Rise and Shine

Once’s soufflé pancakes are served with honey butter, chancaca syrup and seasonal berries. Photo by Benjamin Hager

 Japanese Soufflé Pancakes Are Selling Like Hot Cakes

They’re light, airy and red hot. Food & Wine magazine has called soufflé pancakes “one of the biggest culinary trends to hit Japan in the last half decade.” And when Japanese chain Flipper brought them to New York City in October, people waited up to four hours in line at the SoHo restaurant to be among the first to try them. In Las Vegas, chef Losa Yi was quietly rolling them out as part of the new weekend brunch menu at Palazzo’s Peruvian-Japanese restaurant Once.

“I brought it here because my mother used to make me that pancake,” says Yi, whose family immigrated to the U.S. from Korea when she was three years old. She’s quick to point out that the sweet, fluffy cakes, which she steams slowly — just as her mother did — are neither new, nor native to Japan. “In Asia they just call it a soufflé pancake, but here in America they call it a Japanese pancake. But they have it in Korea. They have it in China.”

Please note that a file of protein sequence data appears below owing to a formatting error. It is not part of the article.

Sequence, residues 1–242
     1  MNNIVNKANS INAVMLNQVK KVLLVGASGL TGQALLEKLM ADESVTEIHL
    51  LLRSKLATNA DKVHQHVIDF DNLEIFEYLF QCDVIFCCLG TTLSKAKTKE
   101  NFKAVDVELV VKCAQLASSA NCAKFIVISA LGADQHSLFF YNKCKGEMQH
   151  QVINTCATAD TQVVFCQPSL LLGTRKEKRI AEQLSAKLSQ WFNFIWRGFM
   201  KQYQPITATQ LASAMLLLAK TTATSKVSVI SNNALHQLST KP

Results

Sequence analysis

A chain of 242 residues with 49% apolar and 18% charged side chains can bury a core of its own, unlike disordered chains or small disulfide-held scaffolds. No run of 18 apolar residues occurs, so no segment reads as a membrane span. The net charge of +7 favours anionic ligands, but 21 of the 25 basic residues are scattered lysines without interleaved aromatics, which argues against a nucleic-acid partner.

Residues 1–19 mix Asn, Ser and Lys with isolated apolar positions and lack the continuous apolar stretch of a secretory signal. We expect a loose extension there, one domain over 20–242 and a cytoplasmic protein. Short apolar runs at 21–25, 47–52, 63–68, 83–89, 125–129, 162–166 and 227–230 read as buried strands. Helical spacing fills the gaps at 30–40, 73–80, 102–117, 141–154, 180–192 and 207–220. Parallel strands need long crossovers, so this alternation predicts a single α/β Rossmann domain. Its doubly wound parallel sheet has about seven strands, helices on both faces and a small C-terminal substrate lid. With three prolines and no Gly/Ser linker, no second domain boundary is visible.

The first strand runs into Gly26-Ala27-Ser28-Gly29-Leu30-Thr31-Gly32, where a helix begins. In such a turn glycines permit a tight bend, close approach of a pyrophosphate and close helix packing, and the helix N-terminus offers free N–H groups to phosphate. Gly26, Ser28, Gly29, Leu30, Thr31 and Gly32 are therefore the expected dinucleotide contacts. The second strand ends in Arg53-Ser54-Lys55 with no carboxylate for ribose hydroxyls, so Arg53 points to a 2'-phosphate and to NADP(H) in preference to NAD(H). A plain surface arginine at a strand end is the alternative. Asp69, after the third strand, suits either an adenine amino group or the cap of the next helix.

Whatever you call them, they’re unlike any pancakes we’ve had — closer to a dessert soufflé than a flapjack. It can take up to 30 minutes for Yi and her team to build a single order, one layer at a time, allowing them to slowly rise. Your best bet is to order a plate for the table when you’re seated, and enjoy it after some of Once’s more savory brunch options. oncelv.com

(Luxury is owned by the family of Las Vegas Sands Chairman and CEO Sheldon Adelson. Las Vegas Sands operates Palazzo.)

 
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